Asia High Mountain | WWF

Asia High Mountain Project (Conservation and Adaptation in Asia’s High Mountain Landscapes and Communities

© SitherTenzin/WWF Bhutant

Project No.BT087900

Start Date:1st October 2012

End Date:30thSeptember 2017

Project Budget: Nu.36.94 million

 

About the project

Asia High Mountains Project will build upon WWF’s 30 years of experience working in close partnership with the Royal Government to implement project activities in the nation’s largest protected area, Wangchuck Centennial National Park(WCNP). Priority actions in Bhutan will include improving  protection snow leopards and their habitat; climate vulnerability and adaptation training for high mountain communities; improvement of meteorological monitoring in these communities; strengthening community participation in conservation, monitoring and anti-poaching activities; developing alternative fuel sources to wood; and promoting sustainable community-based tourism; mapping snow leopard habitat and dispersal corridors in Bhutan; and improving transnational dialogue on conservation, wildlife trade, natural resources, and water management between Bhutan, India, Nepal, and China. In implementing all these interventions, WWF will use both landscape and threat-based approaches while working closely with local stakeholders to connect biodiversity conservation and natural resource management with improved livelihoods. 

 

Objectives

  • Promote climate-smart management of high mountain landscapes and snow leopard habitat for sustainable development in specific sites
  • Improve transnational collaboration on climate change adaptation and snow leopard conservation in Asia’s high mountain landscapes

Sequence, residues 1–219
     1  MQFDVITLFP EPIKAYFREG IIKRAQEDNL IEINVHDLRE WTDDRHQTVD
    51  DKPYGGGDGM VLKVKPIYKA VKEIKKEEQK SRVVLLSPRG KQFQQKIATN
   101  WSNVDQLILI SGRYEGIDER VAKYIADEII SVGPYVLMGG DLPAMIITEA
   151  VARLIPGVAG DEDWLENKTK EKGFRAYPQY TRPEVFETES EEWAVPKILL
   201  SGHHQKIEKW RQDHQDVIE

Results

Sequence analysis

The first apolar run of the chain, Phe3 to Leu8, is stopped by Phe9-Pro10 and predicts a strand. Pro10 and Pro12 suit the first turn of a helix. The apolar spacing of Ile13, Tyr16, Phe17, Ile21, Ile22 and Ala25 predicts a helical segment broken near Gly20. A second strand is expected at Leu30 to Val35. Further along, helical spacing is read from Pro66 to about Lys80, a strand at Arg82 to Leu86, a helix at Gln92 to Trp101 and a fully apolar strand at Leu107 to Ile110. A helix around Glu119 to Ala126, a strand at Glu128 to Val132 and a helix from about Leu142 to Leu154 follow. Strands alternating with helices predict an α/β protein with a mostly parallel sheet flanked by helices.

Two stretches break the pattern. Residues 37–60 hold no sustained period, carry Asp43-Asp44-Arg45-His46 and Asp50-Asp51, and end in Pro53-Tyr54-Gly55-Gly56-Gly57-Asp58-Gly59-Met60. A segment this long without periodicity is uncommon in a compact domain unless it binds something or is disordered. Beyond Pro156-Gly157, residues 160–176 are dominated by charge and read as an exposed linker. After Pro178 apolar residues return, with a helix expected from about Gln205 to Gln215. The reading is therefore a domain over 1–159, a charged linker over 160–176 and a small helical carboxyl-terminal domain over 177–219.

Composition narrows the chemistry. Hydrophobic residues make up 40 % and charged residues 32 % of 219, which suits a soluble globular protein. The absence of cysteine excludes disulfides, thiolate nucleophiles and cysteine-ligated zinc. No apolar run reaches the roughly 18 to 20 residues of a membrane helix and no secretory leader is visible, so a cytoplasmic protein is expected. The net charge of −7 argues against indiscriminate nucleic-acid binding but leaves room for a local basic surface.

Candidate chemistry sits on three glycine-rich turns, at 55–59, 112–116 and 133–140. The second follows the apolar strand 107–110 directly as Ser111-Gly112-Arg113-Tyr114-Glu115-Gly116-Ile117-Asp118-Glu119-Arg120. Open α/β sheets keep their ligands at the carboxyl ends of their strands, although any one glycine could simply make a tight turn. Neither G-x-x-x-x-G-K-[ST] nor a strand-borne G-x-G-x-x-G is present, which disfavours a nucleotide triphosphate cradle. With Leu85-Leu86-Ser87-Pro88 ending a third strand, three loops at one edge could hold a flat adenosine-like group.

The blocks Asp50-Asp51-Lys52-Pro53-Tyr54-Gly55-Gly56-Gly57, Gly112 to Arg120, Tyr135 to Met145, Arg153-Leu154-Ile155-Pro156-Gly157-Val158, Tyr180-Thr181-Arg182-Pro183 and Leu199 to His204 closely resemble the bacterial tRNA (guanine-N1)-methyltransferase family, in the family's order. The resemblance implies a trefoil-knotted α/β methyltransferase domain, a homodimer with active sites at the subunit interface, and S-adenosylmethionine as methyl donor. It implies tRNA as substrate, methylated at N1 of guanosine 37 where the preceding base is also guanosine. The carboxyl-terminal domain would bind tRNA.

Project approach

The project implementation plan is a synthesis of proposed activities based on a consultative process, and national program implementation plan submitted by partner. The project is managed by WWF in close collaboration with Gross National Happiness Commission (GNHC) and Department of Forest and Park Services (DoFPS), who provide administrative and technical support respectively. WWF responsibility also include monitoring and evaluation of project. The DoFPS has a pool of Park and Functional Division staff at central and field levels who support the implementation of the project activities. WWF has contractual agreement with the Royal Government and has institutional responsibilities for developing, funding, implementing and monitoring project in Bhutan.

 

Geographical coverage of project

Activities under this project in Bhutan will be implemented in four high mountain protected areas along Bhutan’s northern border with China with the primary project focus being on Wangchuck Centennial Park.WCNP spanning 4914 km² is located on Bhutan’s northern border with China, notably in the headwaters of Bhutan’s largest river system, the Manas River, which flows into the Brahmaputra River in Assam, India. In WCP, specific threats to be addressed by AHM Project activities include climate change impacts on local livelihoods and ecosystems, such as shifting rainfall patterns, increasing frequency of drought, and an attendant decline in water security; lack of adequate capacity for natural resource monitoring and management with respect to water, wildlife, forests, pastures, and farmland; human-wildlife conflict; wildlife poaching; fuel wood cutting; and lack of alternative livelihoods. 

 

Partners

Project is a collaborative effort between WWF and Royal Government. It is facilitated by the GNHC, DoFPS and WWF with financial support from the USAID. The project’s focal political party is Ministry of Agriculture and Forests.

 

Implementing partners

  • Wangchuck Centennial National Park (WCNP)
  • Watershed Management Division
  • Ugyen Wangchuck Institute for Conservation and Environment Research (UWICER)

 

Project Technical Director

Ms.Yeshey

yehsey@wwfbhutan.org.bt

WWF Bhutan